Japan should apologize for massacre of 300,000 Nanjing lives and more
December 14,2016   By:Xinhua

Dec. 14, 2016 -- Yi Cuilan stands in front of the house she rented in Nanjing, east China's Jiangsu Province, Nov. 25, 2016. Yi Cuilan, born on May 6, 1923, survived from the invasion of Japanese troops by pretending to be a boy, seeking asylum from different refugee camps. Although she escaped from death, she suffered from severe pains all these years due to the brutal assault by Japanese invaders. Japanese troops occupied eastern China's Nanjing on Dec. 13, 1937, and began a six-week massacre. Chinese records show more than 300,000 people -- not only disarmed soldiers but also civilians -- were brutally murdered and thousands of women raped. In the past 79 years, the number of survivors decreases. After Zhang Fuzhi, 89, passed away on Nov. 26, 2016, the number of the registered survivors reduced to 108. With hurt that are unable to heal and tragic memory of suffering, survivors are the witnesses of the massacre. (Xinhua/Li Xiang)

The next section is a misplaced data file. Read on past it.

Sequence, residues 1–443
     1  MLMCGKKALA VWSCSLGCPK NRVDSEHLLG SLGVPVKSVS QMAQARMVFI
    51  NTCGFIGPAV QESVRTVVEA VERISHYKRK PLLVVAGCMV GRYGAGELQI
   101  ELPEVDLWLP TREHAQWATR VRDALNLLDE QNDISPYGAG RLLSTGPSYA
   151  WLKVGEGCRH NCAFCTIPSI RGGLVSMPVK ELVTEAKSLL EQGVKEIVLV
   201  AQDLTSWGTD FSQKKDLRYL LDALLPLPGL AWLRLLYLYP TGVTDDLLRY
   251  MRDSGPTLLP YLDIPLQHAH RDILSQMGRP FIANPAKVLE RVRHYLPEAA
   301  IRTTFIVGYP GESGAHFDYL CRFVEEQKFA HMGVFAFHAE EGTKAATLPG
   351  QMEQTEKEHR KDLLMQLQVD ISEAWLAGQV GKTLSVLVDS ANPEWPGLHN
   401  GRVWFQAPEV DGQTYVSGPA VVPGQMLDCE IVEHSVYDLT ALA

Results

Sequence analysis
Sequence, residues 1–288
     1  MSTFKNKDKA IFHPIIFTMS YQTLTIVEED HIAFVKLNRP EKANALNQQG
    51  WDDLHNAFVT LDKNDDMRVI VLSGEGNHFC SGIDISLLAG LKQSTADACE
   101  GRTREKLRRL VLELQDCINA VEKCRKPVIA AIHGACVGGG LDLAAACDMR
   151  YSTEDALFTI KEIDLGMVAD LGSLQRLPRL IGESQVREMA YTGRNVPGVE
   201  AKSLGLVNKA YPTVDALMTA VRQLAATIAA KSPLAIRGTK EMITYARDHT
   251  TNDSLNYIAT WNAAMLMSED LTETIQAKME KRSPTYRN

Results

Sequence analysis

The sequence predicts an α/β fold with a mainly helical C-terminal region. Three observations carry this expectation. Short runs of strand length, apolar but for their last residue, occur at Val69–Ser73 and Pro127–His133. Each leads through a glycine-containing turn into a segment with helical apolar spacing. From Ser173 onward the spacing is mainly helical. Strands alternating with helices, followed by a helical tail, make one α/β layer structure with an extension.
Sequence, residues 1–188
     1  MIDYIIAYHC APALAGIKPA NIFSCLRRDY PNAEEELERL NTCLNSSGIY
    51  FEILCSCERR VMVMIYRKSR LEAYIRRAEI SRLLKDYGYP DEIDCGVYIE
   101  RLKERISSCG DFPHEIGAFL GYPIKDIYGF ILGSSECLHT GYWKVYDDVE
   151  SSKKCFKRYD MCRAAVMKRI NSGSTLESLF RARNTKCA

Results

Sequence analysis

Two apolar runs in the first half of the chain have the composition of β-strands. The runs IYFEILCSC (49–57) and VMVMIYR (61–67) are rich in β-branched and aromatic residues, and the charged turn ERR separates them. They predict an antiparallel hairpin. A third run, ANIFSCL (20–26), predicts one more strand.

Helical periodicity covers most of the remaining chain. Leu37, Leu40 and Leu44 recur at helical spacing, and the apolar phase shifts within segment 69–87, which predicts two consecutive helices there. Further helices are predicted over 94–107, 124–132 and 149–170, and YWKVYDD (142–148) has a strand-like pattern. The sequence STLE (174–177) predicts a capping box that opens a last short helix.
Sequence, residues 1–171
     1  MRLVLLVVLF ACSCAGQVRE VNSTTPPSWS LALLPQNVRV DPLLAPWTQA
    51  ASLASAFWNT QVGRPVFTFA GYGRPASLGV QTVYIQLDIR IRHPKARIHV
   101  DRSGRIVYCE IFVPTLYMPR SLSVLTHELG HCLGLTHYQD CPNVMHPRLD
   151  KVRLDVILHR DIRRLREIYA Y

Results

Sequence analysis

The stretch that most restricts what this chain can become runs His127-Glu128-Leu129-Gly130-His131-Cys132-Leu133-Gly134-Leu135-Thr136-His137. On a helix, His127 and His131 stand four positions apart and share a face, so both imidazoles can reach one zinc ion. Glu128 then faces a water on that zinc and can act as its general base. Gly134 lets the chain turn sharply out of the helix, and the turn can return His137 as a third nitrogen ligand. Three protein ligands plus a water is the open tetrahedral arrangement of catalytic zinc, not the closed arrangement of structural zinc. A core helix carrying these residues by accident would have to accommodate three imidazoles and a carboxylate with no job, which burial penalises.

BEIJING, Dec. 14, 2016 -- It remains a crowning shame to mankind that the 107 survivors of the appalling carnage conducted by Tokyo in 1937 in the eastern Chinese city of Nanjing may never live to get their deserved official apology from the island country, even 79 years after it was defeated in World War II.
But their excruciating fate and that of other 300,000 innocent lives slaughtered by Japan merely in that one Chinese city still trigger cries for justice in and out of China. Upon the arrival of the third National Memorial Day for Nanjing Massacre Victims on Tuesday, local authorities and multinational institutions released a trove of new information and historical evidences confirming Japan's undeniable atrocities.
Japanese Prime Minister Shinzo Abe's response, to the outrage of all, has been merely "deep remorse." In his speech to the U.S. Congress last year and his announcement last week to pay a "reconciliatory" visit to Pearl Harbor, he again declined to issue an unequivocal apology even to the victims of Japan's most important post-war ally.
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